Not That Kind of Nice Girl
The only way I even know how to think of these questions is to look at examples of women in Scripture. The examples aren't as widespread as men, but there are fiercely audacious women throughout the Bible who are courageous in the face of danger and subjugation. They kill with their kindness and rule with their obedience.
I think of Ruth and Naomi who both endured horrible heartache with a sense of fearlessness (Ruth 1). Or Queen Vashti in the book of Esther, who refused to go before the king to have her beauty paraded at his request (Esther 1: 9-12). These women aren't wholly different — in fact, they share a common thread. Their kindness is not meek; it is brave, perhaps because these women recognize that they only truly have to answer to one person, and that's God.
Other women in Scripture showcase the power of silence, the strength that sometimes comes with not saying anything. Take Moses' sister, Miriam, who silently hid him by the river at the request of her mother and stood by waiting to see what might happen (Ex. 2). Instead of publicly defying Pharaoh and cursing his name, she fiercely and calmly chose another option. Biting one's tongue and walking away can be valiant and daring. It can be as loud and bold as shouting to be heard.
In certain times and places, we as women must speak courageously in our own defense, in the defense of others or for the justice of those around us. When society confuses being unflinching with being mean, with lacking kindness and lacking tact, we can remember like Ruth and Queen Vashti that our world isn't the world we have to appease. Our responses won't always live up to the world's standards.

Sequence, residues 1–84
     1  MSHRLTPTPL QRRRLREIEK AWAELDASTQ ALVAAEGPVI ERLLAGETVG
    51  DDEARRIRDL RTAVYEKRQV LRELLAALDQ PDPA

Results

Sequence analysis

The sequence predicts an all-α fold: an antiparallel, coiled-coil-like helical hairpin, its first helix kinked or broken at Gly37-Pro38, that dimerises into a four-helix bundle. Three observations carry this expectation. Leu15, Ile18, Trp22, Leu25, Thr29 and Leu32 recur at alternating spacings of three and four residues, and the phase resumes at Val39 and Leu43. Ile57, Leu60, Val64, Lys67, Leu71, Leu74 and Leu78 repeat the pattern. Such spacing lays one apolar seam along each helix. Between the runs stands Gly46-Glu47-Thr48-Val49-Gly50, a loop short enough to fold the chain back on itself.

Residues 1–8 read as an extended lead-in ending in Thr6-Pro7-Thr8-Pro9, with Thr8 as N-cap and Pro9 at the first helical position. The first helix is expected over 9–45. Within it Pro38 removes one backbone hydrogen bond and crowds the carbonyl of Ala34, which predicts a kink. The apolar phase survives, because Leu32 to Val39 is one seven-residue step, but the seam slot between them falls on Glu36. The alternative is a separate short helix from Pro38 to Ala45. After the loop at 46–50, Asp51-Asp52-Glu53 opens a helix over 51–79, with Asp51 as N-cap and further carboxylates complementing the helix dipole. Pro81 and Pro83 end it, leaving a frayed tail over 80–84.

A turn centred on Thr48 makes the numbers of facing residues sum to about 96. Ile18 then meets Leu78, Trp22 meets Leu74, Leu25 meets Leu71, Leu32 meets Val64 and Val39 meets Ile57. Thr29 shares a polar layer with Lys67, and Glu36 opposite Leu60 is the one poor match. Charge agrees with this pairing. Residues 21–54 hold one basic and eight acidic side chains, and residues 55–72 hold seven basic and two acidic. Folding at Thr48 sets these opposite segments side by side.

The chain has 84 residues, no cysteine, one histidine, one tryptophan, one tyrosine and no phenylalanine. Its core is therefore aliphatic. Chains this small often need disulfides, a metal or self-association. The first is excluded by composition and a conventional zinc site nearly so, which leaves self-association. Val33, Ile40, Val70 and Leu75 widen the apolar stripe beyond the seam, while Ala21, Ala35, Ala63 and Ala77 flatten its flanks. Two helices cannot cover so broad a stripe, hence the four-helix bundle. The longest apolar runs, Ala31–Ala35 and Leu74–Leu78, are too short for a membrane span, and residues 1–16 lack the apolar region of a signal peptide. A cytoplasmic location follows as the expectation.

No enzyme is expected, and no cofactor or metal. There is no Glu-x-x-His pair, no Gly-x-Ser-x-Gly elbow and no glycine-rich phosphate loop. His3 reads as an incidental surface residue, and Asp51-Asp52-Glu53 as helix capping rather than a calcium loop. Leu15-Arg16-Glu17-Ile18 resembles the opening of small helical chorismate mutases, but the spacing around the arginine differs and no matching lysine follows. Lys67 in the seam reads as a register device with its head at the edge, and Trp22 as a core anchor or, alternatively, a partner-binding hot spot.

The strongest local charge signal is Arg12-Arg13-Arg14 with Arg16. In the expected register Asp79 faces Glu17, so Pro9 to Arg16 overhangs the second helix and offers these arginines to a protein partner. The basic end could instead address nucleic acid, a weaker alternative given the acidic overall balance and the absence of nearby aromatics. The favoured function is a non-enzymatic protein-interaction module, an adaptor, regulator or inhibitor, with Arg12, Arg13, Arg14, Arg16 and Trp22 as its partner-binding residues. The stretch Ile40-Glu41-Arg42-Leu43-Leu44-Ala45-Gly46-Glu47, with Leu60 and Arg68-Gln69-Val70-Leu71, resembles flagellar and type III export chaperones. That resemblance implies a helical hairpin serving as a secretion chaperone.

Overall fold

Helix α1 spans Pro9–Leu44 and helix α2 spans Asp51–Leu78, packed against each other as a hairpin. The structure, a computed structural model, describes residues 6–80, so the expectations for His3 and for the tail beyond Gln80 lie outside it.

Because, at the end of the day, we live to God's standard. If someone makes an offensive sexual comment on the sidewalk, it's just as easy to shout profane responses and society would accept that. God's standards for dealing with these sorts of things are different though, and we have to trust that the wisdom he has bestowed upon us can be both useful and safe.
It's not easy being nice, but at least God's definition of nice is different than the world's.
Liz is a writer in Nashville, Tenn. She eats stories like grapes and has a very serious appreciation for macaroni and cheese. Follow her on Twitter at your own risk, @riggser, or read more of her ramblings at lizriggs.com.
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